Red Hat works its magic to make connecting Kubernetes clusters easy

Say you want to link all your Kubernetes clusters together. And, when I say all your Kubernetes clusters, I mean all of them. The ones in your office, the ones at your data center and even those scattered across multiple cloud providers. You could do that with virtual private networks, but that's not easy. Now Red Hat, with its newly released Red Hat Service Interconnect (RHSI), has simplified the connectivity piece while maintaining security across multiple platforms.

As Red Hat CTO Chris Wright explained at Red Hat Summit last week, Service Interconnect makes it so that developers can build distributed applications while adhering to an organization's specific security and compliance controls from the earliest stages in the software development lifecycle. This effectively makes applications – both traditional and Kubernetes-based programs – location-less no matter where they exist, be it in the public cloud, private cloud, data center or out at the edge. Service Interconnect breaks down the silos between critical applications and their services and dependencies.

Skupper for supper

RHSI is based on the Skupper open-source project. Behind the silly name is a Layer 7 network application layer. This supports communications for end-user processes and applications. It does this by transparently supporting HTTP 1.1 and 2, Google Remote Procedure Call (gRPC) and Transmission Control Protocol (TCP).

To secure connections, Skupper communicates across clusters without exposing service ports on the internet and locking down inter-cluster communication with mutual application of the Transport Layer Security (TLS) protocol. It also does this without elevated security privileges. You can sum Skupper up as very simple and very secure. 

Diving in deeper, you'll find Skupper has two main components: Skupper-router and Skupper-proxy-controller. The router is Apache Qpid. This is an open-source Advanced Message Queuing Protocol (AMQP) router. The proxy controller looks for Skupper network connections and instantiates a service-*-proxy pod for each one. This pod, in turn, creates secure TLS tunnels over the supported network protocols to the AMQP router. Using these, developers can create application-level networks between cloud-native microservices, Kubernetes pods and clusters, and even legacy applications.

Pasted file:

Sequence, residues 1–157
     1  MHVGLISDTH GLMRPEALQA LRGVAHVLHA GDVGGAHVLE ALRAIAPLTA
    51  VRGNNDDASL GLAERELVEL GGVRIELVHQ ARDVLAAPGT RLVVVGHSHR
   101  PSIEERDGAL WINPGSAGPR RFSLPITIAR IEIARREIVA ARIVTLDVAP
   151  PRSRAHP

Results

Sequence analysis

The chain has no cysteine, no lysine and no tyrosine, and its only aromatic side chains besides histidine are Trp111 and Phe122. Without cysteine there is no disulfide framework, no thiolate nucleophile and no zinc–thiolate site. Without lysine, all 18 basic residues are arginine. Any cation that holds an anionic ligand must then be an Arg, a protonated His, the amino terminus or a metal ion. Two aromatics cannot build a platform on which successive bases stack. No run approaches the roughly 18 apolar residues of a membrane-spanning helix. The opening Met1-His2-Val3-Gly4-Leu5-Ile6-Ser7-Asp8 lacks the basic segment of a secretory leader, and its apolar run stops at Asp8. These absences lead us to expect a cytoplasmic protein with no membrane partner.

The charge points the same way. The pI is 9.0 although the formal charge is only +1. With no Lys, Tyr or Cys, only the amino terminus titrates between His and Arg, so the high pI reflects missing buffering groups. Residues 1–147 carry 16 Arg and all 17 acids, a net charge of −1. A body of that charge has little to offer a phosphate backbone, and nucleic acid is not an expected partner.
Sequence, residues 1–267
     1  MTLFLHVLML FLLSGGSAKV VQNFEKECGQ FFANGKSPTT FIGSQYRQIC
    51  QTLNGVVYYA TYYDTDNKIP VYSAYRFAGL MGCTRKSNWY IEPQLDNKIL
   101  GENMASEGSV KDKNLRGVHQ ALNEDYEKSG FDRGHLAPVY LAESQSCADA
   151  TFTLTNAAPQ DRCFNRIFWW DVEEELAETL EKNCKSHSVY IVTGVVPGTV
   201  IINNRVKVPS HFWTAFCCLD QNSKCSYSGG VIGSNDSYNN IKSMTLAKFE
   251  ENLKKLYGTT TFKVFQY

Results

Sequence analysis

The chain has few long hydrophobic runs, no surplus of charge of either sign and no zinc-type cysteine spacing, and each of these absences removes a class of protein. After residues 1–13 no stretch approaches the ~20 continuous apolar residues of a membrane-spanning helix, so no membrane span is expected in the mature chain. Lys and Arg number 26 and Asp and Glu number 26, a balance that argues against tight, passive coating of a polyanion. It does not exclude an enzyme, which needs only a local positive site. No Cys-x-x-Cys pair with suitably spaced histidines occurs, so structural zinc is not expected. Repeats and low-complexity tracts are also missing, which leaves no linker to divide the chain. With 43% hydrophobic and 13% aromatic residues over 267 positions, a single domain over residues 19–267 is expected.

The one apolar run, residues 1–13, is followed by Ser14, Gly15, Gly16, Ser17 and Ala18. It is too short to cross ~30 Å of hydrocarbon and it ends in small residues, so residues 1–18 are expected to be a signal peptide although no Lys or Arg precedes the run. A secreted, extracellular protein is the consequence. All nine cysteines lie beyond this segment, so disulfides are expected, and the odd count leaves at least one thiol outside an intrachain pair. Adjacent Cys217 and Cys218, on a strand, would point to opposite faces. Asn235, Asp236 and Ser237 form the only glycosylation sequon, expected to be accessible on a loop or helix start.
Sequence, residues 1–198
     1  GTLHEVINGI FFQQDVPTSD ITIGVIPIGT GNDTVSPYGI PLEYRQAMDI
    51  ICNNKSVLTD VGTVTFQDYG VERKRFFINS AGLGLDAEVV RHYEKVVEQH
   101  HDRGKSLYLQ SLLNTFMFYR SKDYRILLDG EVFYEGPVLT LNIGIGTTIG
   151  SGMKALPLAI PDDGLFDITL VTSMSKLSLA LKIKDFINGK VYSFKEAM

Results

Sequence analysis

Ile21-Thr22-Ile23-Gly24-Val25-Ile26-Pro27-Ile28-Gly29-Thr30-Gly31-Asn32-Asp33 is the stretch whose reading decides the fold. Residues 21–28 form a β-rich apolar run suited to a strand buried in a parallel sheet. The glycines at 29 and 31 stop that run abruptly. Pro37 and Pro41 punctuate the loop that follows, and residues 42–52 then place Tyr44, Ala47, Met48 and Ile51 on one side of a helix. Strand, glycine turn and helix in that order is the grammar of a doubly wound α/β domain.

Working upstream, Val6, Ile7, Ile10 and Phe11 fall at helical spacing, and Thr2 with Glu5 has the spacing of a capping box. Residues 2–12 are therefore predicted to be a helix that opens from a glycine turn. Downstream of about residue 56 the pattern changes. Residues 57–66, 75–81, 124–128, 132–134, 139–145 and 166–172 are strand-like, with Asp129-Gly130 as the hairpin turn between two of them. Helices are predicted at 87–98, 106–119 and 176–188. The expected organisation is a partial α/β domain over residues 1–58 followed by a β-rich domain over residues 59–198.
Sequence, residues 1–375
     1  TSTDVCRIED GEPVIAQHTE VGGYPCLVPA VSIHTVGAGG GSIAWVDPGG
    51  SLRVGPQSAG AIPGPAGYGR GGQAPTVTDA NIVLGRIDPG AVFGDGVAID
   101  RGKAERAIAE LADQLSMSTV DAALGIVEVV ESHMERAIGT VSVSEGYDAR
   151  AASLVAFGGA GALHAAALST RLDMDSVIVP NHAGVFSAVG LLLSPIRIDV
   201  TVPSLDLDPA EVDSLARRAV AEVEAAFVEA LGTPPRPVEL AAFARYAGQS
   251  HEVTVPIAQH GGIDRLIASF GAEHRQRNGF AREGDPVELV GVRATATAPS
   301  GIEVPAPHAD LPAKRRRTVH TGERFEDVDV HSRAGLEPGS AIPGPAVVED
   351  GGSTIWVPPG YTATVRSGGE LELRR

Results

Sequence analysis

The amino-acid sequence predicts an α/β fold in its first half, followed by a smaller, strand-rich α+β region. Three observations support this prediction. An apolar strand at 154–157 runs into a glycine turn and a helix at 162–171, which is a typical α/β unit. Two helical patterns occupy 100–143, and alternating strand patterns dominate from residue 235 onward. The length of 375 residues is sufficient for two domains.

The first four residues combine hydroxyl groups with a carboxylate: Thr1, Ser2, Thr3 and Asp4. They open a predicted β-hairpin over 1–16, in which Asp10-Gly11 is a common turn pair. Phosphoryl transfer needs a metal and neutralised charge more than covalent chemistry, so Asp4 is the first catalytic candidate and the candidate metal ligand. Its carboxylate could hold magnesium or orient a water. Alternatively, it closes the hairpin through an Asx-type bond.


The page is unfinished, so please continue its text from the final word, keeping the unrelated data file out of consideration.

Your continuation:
Put it all together, and RHSI provides:

●      Dynamic routing, which enables connections to move when applications migrate across properties. RSHI also doesn't require extensive network planning nor provisioning of VPNs combined with complex firewall rules.

●      Interconnections that are agnostic of the environment. IPv4 and v6 support portability for both applications and their associated networking configuration.

●      The command line interface and Kubernetes Operator help developers to configure and manage their interconnections without elevated privileges.

●      All interconnections between applications use mutual TLS to help protect an organization's infrastructure and data.

Why it matters

Unlike VPN-based solutions delivering cross-platform connectivity, Red Hat Service Interconnect delivers connectivity at the application level. Red Hat's Mike Ward, RHSI's Principal Product Marketing Manager, claimed this allows "for only a 'pinhole' access to be created between networks rather than having to wholly open networks up to one another for communication."

You could always have done this before, but it required a lot of work and effort from developers, network and security administrators working in concert. Basically, RHSI puts the power in the programmer's hands to create and support what had heretofore been exceedingly complex networks.

Several Red Hat customers, including Australia and New Zealand Banking Group (ANZ Bank), already benefit from RHSI. The bank has used the service to securely connect applications across environments, allowing developer teams to migrate them at their convenience without requiring elevated privileges or relying on network operations. This has resulted in a seamless migration to the latest OpenShift version and an improved developer experience with minimal customer disruption.

Perhaps RHSI's most engaging feature is that it's not tied to Red Hat OpenShift. Of course, you can use it on OpenShift, but it also works with non-Red Hat Kubernetes clusters, virtual machines or bare-metal hosts. This flexibility makes it of special interest to the whopping 75% of organizations IDC predicts will soon seek technology partners that can deliver a uniform application deployment experience across cloud, edge, and dedicated environments and agile, compliant application layer connectivity.

Thanks to this improved interoperability across platforms, David Linthicum, Deloitte Consulting's Chief Cloud Strategy Officer, predicts that RHSI will cut down on multi-cloud application complexity. This will help Red Hat emerge as a primary cloud player.